How an MRI installation disabled iPhones at an Illinois facility

In early October, some staff at an Illinois medical facility unexpectedly lost functionality of their Apple devices, including iPhones and Apple Watches. The culprit? A recent MRI installation.

The incident captured national headlines after a system administrator at the medical facility — part of Morris (Ill.) Hospital & Healthcare Centers — sought advice on online discussion board Reddit.

"This is probably the most bizarre issue I've had in my career in IT," his post reads. "We received a call near the end of the day from the campus stating that none of their cell phones worked after testing the new MRI … After going out there we discovered that this issue only impacted iOS devices."

"It doesn't surprise me that a massive, powerful, superconducting electromagnet is capable of doing this. What surprises me is that it is only affecting Apple products," the poster continued. "GE claims that the helium is what impacts the iOS devices, which makes absolutely no sense to me. I know liquid helium is used as a coolant for the superconducting magnets, but why would it only affect Apple devices?"

The poster said staff had reported about 40 disabled devices, all of which were Apple products, while Androids and other computer equipment still worked.

"The behavior of the devices was pretty odd," the poster wrote, noting almost all of the affected Apple devices would need to be replaced. "Most of them were completely dead. I plugged them into the wall and had no indication that the device was charging."

Hospital staff investigated and determined the issue was likely related to the release of helium during a recent MRI installation at the facility, a Morris spokesperson told Becker's Hospital Review via email.

When setting up an MRI, installers use evaporated helium to supercool the magnet inside the device, according to Motherboard. The helium should be directed out of the facility through a vent, but a leak allowed the chemical to enter other areas of the building. The system administrator said about 120 liters of liquid were vented, and it's unclearly how much leaked into other rooms of the facility.

Helium, it turns out, can ruin the microelectromechanical systems silicon chips that are used in many smartphones, according to a blog post by iFixit, a company focused on technology repairs. Helium proves especially harmful for iOS devices, since Apple recently opted to create its frequency generators, known as clocks, using microelectromechanical systems silicon.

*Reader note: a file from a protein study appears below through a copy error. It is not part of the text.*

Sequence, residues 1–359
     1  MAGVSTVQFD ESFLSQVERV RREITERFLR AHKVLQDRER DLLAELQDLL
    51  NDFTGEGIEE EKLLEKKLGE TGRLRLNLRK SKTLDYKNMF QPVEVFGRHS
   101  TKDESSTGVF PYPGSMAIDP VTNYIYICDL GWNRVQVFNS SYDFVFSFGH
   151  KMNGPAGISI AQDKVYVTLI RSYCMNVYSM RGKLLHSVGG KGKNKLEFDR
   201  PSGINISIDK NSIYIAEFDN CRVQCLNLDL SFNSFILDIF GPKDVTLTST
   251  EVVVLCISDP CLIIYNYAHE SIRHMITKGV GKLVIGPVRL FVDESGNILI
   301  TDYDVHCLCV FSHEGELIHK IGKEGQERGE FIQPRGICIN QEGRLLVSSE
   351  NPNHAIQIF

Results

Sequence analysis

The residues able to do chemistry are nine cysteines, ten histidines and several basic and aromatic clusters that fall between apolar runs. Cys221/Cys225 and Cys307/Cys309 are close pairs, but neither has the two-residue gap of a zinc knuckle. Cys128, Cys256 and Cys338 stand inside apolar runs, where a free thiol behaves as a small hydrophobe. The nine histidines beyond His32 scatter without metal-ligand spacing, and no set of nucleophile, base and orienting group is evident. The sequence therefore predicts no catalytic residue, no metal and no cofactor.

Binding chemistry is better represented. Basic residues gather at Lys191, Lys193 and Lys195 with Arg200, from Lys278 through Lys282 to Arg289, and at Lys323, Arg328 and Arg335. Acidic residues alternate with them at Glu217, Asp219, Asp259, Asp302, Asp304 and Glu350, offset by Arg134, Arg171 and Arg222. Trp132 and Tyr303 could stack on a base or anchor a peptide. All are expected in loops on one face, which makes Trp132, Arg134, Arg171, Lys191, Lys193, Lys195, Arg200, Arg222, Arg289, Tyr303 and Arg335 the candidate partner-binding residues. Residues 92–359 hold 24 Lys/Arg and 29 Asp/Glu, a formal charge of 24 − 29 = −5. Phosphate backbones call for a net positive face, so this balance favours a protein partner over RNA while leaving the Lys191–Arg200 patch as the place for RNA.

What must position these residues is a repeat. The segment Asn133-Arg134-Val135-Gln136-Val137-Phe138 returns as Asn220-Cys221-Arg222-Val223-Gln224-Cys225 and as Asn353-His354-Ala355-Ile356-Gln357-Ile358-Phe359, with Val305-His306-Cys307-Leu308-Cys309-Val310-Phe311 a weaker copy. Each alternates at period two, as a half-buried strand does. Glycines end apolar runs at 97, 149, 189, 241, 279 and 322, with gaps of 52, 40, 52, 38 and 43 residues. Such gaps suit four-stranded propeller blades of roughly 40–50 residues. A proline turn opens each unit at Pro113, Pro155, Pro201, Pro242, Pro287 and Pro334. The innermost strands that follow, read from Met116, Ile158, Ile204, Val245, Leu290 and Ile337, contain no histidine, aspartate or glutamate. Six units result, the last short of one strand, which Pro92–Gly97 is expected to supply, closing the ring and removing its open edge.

"Now, these frequency generators are at the heart of every electronic device," according to iFixit. "Without a clock, the system stands still. The [central processing unit] flat-out doesn't work. The clock is literally the heartbeat of a modern device."

Motherboard said the experience shared on Reddit wouldn't be a surprise to Apple, which warns about exposure to "high concentrations of industrial chemicals," such as "near evaporating liquified gasses such as helium," in the iPhone's manual.

To address the issue, Morris officials conducted several rounds of air-quality tests. The Morris spokesperson said there have been no more reports of device outages at the facility since confirming normal oxygen levels.

"Air-quality testing was immediately conducted, which confirmed normal oxygen levels," the spokesperson wrote in her email. "Oxygen levels were tested again the next day, and as a further precaution, a helium leak detector test was conducted on the second day, which confirmed normal levels of helium."

She added the hospital "worked directly with impacted employees to mitigate any loss of device functionality that occurred."

"It would be premature at this time to give advice to other hospitals as our investigation continues," she added, in response to a question from Becker's Hospital Review. "What's most important is that the situation resolved quickly, air-quality testing indicates there was never a health or safety issue, and there have been no additional reports of device outages."

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